Browsing by Subject "emissions"

Sort by: Order: Results:

Now showing items 1-20 of 61
  • Heiskanen, Ilmari (Helsingin yliopisto, 2021)
    Interest towards indoor air quality has increased for several decades from human health perspective. In order to evaluate the quality of indoor air in terms of volatile organic compound (VOC) levels, robust analytical procedures and techniques must be used for indoor air VOC measurements. Since indoor building materials are the greatest source of indoor VOC emissions, same kind of procedures must be used for analysis of emission rates from building materials and their surfaces. Theory part of this thesis reviews background of VOCs and human health, legislation and guideline values, common building materials with emissions and used sampling techniques/approaches for indoor air sampling and surface material emission rate sampling & analysis. Discussed sampling techniques include, for example, material emission test chambers, field and laboratory test emission cells, solid phase microextraction (SPME) fibre applications and Radiello passive samplers. Also new innovative approaches are discussed. Used common analysis instruments are Gas Chromatography (GC) with Mass Spectrometer (MS) or Flame Ionization Detector (FID) for VOCs and High-Performance Liquid Chromatography-Ultraviolet/Visible light detector (HPLC-UV/VIS) for carbonyl VOCs (e.g. formaldehyde) after suitable derivatization. Analytical procedures remain highly ISO 16000 standard series orientated even in recent studies. In addition, potential usage of new modern miniaturized sample collection devices SPME Arrow and In-tube extraction (ITEX) used in experimental part of this thesis are discussed as an addition to indoor air and VOC emission studies. The aim of the experimental part of this thesis was to develop calibrations for selected organic nitrogen compounds with SPME Arrow and ITEX sampling techniques and test the calibration with indoor and outdoor samples. A calibration was successfully carried out with SPME Arrow (MCM-41 sorbent), ITEX (MCM-TP sorbent) and ITEX (Polyacrylonitrile (PAN) 10 % sorbent) with permeation system combined with GC-MS for the following selected organic nitrogen compounds: triethylamine, pyridine, isobutyl amine, allylamine, trimethylamine, ethylenediamine, dipropyl amine, hexylamine, 1,3-diaminopropane, 1-methyl-imidazole, N, N-dimethylformamide, 1,2-diaminocyclohexane, 1-nitropropane and formamide. The overall quality of the calibration curves was evaluated, and the calibrations were compared in terms of linear range, relative standard deviation (RSD) % for accepted calibration levels and obtained Limits of Detection (LOD) values. Also, ways to improve the calibrations were discussed. The calibration curves were tested with real indoor and outdoor samples and quantitative, as well as semi-quantitative, results were obtained.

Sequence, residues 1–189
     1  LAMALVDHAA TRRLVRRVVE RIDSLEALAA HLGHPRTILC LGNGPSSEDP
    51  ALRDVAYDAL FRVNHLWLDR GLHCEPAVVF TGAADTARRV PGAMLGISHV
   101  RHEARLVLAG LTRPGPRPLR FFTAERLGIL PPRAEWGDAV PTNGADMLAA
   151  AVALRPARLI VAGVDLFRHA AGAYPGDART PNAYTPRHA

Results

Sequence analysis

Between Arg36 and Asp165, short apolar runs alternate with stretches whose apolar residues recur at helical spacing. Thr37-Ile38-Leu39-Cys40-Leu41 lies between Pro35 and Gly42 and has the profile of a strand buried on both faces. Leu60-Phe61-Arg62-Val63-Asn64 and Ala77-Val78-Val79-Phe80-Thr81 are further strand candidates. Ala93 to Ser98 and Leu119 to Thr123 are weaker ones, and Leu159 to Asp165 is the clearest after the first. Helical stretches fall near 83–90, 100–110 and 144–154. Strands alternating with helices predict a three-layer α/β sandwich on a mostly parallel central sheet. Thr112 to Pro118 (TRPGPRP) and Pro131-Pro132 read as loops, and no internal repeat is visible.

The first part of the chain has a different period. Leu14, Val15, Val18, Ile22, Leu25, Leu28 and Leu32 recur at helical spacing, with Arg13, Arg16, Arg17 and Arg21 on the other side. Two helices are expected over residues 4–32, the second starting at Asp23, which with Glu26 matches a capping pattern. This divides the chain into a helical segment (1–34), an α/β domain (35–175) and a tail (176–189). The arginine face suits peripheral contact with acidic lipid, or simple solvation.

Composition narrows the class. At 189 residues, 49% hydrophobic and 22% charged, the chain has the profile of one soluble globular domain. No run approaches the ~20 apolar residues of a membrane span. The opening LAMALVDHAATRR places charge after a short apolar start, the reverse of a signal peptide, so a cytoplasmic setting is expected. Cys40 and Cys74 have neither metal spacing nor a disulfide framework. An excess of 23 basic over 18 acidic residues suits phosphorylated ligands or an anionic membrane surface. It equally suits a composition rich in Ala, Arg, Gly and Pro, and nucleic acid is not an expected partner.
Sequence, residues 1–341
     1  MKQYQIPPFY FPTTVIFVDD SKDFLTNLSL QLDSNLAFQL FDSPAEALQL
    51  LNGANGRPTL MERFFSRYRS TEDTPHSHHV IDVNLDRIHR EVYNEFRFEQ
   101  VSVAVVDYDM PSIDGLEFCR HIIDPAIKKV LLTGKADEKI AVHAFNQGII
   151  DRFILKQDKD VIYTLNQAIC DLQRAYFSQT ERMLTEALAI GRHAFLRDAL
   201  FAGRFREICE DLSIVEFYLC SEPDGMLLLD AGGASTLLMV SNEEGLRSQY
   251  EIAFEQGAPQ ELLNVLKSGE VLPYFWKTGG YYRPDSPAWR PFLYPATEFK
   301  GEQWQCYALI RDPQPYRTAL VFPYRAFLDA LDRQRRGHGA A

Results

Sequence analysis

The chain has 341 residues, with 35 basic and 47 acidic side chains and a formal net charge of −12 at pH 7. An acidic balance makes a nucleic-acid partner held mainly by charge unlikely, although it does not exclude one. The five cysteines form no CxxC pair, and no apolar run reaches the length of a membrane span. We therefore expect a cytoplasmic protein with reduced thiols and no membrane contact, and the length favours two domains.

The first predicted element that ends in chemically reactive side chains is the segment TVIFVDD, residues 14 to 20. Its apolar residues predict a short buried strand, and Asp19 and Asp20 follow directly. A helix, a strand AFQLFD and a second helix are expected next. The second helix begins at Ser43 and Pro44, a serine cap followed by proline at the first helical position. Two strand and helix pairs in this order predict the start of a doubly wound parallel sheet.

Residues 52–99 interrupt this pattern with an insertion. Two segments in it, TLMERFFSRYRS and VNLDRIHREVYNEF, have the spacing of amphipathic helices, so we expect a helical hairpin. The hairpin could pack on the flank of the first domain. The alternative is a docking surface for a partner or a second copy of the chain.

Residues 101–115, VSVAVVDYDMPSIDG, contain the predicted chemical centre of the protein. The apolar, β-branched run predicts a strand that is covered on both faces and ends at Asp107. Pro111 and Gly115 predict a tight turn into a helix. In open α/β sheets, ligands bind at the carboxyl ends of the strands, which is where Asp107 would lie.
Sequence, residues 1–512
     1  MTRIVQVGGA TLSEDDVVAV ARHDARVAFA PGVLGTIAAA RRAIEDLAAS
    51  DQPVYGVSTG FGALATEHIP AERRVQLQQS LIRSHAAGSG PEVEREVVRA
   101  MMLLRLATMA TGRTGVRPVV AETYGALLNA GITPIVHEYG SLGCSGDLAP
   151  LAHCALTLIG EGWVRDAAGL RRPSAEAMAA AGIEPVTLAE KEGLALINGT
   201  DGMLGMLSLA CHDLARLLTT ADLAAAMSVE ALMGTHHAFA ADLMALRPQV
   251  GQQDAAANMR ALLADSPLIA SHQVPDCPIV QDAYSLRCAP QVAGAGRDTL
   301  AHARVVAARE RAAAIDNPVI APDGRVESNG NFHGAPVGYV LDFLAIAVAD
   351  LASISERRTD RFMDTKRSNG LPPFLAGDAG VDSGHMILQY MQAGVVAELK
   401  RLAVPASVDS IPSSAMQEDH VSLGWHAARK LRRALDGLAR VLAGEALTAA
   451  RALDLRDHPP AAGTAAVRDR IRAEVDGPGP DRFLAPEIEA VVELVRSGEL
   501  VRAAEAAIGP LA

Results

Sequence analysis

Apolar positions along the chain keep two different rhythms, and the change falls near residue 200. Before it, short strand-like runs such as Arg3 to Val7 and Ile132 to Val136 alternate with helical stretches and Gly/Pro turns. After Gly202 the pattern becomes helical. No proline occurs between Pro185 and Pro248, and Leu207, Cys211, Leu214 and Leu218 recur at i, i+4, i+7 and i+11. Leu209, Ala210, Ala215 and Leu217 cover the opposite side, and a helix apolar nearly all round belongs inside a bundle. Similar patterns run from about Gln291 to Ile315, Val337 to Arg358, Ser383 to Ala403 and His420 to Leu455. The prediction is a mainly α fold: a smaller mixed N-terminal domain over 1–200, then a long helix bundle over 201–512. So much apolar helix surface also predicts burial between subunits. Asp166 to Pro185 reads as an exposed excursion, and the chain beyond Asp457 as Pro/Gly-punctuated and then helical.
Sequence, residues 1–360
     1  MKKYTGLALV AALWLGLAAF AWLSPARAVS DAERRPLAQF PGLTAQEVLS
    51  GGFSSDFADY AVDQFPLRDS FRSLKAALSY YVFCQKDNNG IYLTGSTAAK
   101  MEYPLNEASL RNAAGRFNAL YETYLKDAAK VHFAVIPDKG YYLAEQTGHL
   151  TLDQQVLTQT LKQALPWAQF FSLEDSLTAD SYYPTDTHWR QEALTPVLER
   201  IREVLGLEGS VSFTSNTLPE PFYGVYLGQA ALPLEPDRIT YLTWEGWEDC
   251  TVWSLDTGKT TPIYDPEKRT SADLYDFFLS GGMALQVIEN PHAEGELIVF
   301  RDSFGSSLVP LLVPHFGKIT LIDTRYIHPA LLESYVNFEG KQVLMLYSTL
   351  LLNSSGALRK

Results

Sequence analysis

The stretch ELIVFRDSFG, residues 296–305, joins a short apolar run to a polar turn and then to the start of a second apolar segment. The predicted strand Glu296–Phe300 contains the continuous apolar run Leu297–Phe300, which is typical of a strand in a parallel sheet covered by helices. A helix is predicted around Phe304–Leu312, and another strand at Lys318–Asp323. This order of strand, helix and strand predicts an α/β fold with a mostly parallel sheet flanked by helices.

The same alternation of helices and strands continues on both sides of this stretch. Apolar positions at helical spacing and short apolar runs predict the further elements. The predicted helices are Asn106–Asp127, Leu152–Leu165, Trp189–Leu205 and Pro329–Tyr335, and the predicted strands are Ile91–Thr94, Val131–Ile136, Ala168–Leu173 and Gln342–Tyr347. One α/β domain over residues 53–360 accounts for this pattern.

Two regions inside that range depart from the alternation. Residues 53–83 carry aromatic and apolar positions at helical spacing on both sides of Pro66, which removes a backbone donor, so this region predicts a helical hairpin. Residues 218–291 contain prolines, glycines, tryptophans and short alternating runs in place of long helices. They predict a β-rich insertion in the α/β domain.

• Vihanninjoki, Vesa (Finnish Environment Institute, 2014)
    Reports of the Finnish Environment Institute 41/2014
    Due to the Arctic climate change and the related diminishing of Arctic sea ice cover, the general conditions for Arctic shipping are changing. The retreat of Arctic sea ice opens up new routes for maritime transportation, both trans-Arctic passages and new alternatives within the Arctic region. Hence the amount of Arctic shipping is presumed to increase. Despite the observed development, the sailing conditions in the Arctic waters will remain challenging. Thus particular attention will be required also in the future with regard to crew, fleet and other infrastructural issues. In addition to other apparent challenges and risks, the increase in Arctic shipping will lead to an increased amount of emissions. The increased emissions may have considerable and unpredictable influences to the particularly sensitive Arctic environment. With regard to emission species, especially black carbon is presumed to have climatic sig-nificance within the Arctic context. Black carbon absorbs solar radiation very effectively, and when deposited to snow or sea ice cover, it may notably alter the radiative equilibrium of the Arctic region. The increased Arctic marine activities produce black carbon emissions, whose climate impacts are assessed in this report.